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Wednesday, 26 November 1941

Mr ARCHIE CAMERON (Barker) . - The right honorable member for Yarra (Mr. Scullin) mentioned points that were even more interesting than those raised by the honorable member for Reid (Mr. Morgan) and the honorable member for Watson (Mr. Falstein). From the latter honorable member, we had an entirely new interpretation of economics, for he talked of rent from land as being income. He ought to burn his books on Karl Marx, or give them to the Left Book Club, and take a course in Henry George, in order to learn something about the relative importance of land, capital and labour in production. The honorable member for Watson presented a very confused case, and did not throw any light on the subject at all. The right honorable member for Yarra stepped into the breach and spoke of unearned increment. I should like to know from him what he means by unearned increment. I know what I mean when I use that term, but I am not sure that the right honorable gentleman said exactly what he meant. I cannot understand how we could have an annual unearned increment. Mv interpretation of the tei-m is that it represents the increase that accrues in the sale price of a piece of land due to the expenditure of government money and the natural increase of the land values in the district. That increase is not an annual value, but a total value, and it varies from time to time, according to the value of land and the facilities that happen to be provided. 1 should be interested to hear some members who support the Government dealing with other kinds of unearned increment. I realize that they have not yet become accustomed to sitting on the ministerial side of the House. Some of them, particularly those at the Siberian end, are inclined to think that they are still in opposition. I have never heard them talking of the unearned increment on shares. .Brewery shares and gold shares increase in value from time to time, and I have known government bonds to do so; but those increases occur quite apart from anything that the individual owner may do. I am forced to conclude that there is a singular idea in the minds of the Labour party on the subject of land and land values, and what is sometimes loosely termed unearned increment.

The honorable member for Deakin (Mr. Hutchinson) got right on to the mark when he referred to the wool industry. This is still the most important export industry that Australia possesses, but the Government of the United Kingdom is not so keen as it was during the last war on purchasing Australia's wool clip. Manufacturers experience difficulties to-day that were not encountered dining the last war, and the transport risks are greater now than they were previously. I have a strong suspicion that if Australia pressed too hard for an increase of the price of wool, it might be told that it could store its clip for a considerable period. The United Kingdom will adhere to the agreement entered into with Australia, but I arn not enthusiastic over the idea that by soma government action Australia could secure up to an average price of lod. per Hi. for its clip. Every primary industry is complaining of increasing costs of production, and that increase is experienced by the wool-grower in common with other primary producers.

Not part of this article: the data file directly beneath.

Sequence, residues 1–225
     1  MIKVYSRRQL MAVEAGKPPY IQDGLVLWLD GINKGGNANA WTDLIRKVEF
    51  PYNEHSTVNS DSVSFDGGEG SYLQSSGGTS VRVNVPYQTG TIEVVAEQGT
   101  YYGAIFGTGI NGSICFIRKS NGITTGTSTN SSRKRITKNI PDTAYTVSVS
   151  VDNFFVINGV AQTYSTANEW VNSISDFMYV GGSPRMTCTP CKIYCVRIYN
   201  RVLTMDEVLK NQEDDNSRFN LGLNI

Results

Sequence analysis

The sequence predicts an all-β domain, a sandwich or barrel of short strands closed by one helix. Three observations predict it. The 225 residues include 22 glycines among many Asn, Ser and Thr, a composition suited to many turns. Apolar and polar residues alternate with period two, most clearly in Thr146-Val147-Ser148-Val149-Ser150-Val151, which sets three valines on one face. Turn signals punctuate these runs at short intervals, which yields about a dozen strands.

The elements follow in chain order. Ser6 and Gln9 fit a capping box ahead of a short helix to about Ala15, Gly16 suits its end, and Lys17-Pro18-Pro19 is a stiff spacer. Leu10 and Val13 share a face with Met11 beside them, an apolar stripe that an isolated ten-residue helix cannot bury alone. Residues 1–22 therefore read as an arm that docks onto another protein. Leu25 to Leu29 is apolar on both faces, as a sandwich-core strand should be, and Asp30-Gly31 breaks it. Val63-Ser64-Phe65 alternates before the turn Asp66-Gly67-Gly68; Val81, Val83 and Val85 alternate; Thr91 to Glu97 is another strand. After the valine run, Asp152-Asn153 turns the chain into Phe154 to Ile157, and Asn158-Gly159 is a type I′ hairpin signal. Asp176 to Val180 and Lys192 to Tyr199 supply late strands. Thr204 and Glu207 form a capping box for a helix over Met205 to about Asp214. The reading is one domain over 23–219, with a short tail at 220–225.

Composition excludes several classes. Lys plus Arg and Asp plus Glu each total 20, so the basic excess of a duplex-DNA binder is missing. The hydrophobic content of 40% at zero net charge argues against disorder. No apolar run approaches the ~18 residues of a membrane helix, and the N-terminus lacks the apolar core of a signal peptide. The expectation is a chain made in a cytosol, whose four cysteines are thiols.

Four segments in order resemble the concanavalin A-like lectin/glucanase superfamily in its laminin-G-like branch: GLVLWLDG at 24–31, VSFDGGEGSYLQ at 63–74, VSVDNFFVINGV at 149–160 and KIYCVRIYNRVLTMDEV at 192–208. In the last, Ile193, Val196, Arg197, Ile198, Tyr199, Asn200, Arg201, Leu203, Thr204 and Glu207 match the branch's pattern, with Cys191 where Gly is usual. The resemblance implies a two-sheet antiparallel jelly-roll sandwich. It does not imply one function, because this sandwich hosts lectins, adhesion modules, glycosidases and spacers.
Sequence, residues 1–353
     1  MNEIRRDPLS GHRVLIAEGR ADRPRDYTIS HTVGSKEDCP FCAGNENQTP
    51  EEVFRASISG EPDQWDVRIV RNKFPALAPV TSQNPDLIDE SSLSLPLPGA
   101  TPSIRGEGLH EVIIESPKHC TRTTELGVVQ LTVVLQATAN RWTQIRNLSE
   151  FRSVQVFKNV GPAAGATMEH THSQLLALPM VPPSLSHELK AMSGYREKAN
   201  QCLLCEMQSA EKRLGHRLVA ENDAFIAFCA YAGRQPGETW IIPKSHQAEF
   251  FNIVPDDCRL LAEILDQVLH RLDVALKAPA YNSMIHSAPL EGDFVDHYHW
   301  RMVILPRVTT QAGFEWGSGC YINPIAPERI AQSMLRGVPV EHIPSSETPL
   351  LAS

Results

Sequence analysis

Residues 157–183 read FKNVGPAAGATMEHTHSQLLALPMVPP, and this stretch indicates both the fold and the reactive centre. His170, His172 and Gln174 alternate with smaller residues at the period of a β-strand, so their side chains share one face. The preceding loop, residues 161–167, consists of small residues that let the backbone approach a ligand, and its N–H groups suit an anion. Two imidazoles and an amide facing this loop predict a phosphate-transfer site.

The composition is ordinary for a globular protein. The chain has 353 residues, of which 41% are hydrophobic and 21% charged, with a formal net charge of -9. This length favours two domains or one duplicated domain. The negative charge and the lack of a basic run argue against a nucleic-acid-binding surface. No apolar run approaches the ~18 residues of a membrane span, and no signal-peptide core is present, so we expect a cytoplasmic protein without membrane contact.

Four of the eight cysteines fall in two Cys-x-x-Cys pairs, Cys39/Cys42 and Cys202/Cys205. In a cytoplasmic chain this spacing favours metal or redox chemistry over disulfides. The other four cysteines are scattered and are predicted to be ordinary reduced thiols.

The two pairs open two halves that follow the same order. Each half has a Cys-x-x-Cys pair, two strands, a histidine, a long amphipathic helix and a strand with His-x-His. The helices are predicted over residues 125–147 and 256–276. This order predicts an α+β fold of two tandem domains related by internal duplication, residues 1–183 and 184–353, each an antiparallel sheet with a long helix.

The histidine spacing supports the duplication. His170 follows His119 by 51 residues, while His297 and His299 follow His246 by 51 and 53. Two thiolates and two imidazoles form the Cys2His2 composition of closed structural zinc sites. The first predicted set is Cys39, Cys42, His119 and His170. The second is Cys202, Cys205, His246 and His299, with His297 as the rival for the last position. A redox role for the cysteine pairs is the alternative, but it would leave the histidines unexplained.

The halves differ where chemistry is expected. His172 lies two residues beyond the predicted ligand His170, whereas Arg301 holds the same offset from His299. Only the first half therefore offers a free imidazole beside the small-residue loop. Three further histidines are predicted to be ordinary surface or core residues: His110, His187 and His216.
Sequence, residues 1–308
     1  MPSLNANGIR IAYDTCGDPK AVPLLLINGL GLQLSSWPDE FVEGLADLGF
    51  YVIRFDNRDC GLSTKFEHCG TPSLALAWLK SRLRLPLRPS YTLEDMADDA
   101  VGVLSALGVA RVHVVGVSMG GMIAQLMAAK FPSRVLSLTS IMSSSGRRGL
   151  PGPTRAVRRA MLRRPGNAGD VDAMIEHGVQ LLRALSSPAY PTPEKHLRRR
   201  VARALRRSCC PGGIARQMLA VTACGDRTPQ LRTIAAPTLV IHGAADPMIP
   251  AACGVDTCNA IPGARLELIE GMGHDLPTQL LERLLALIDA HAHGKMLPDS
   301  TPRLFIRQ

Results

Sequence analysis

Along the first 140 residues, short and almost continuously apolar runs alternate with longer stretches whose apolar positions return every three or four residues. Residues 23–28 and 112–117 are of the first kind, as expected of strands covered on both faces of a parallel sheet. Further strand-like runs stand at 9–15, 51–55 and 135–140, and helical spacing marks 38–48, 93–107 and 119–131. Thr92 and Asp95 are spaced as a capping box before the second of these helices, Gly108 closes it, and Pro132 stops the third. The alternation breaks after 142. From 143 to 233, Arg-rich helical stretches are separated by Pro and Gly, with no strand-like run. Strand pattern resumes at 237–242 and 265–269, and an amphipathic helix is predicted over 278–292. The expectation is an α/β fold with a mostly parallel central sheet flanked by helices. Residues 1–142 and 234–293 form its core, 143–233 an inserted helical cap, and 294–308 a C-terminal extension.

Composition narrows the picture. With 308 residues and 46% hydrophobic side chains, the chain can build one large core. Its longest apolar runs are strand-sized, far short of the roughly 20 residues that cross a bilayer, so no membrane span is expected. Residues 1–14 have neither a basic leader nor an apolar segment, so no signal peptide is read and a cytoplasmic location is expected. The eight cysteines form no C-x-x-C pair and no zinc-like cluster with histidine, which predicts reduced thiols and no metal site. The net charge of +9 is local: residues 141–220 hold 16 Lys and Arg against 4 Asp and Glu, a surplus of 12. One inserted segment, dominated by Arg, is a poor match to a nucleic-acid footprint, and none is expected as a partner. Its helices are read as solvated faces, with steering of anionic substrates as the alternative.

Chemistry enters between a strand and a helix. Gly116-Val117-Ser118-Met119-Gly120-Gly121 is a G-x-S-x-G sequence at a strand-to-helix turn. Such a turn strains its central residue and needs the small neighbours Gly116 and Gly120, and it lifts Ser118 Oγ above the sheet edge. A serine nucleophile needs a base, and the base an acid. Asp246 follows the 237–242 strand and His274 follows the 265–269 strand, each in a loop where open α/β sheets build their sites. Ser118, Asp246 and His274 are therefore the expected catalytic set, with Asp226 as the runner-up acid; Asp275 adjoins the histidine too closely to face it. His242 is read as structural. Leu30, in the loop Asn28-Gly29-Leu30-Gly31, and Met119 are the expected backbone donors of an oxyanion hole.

The right honorable member for Yarra said that the land tax had been responsible for breaking up many large estates, and had en allied young men to go on land of their own and become good farmers. I should like to hear the views on that matter of the honorable member for Wannon (Mr. McLeod), because I arn not quite in agreement with the right honorable member for Yarra. In practically every State, not only on account of the operation of the Commonwealth land tax, but often owing to the repurchase system adopted by State Governments, perfectly good sheep stations have been broken up in order to make very poor farms. To-day, four out of the six States of Australia are actually engaged, willi Commonwealth money, not in subdividing land to bring about closer settlement, but in aggregating holdings ill certain areas so that settlement will be less close than it is to-day. Canberra was a perfectly good, sheep station before the Federal Capital was established here, and I think that every South Australian will agree that, it is a great pity that it ever became anything else. In the Mount Gambier district of South Australia, land has been sold at £S0 an acre, and in the Mount Barker district £40 an acre is not regarded as a high price to pay for land. At those prices, one does not need to own many acres before being liable to pay Commonwealth land tax. This tax imposes two kinds of discrimination. One form of discrimination is always bad, but, when a second is put into ifr. Archie Cameron. operation, the position is infinitely worse. The first is the granting of exemption from the payment of tax on land, the value of which does not amount to £5.000. That provision immediately creates anomalies. Whilst the value of one property may slightly exceed £5,000, the value of an adjoining property, of similar area, may come just under that figure. The owner of the first will pay federal land tax; his neighbour will not. This line of demarcation forms a "noman's land " in administration.

The second discrimination arises from the imposition of a penal tax upon an estate, the value of which exceeds a certain figure. The inference to be drawn from this practice by a visitor to Australia is that it is a bad thing, in this young country, to have men who are prepared to invest large sums of money in big areas of land, and to work them.

Mr Calwell - The original "squattocracy " did not invest very much money in the land.

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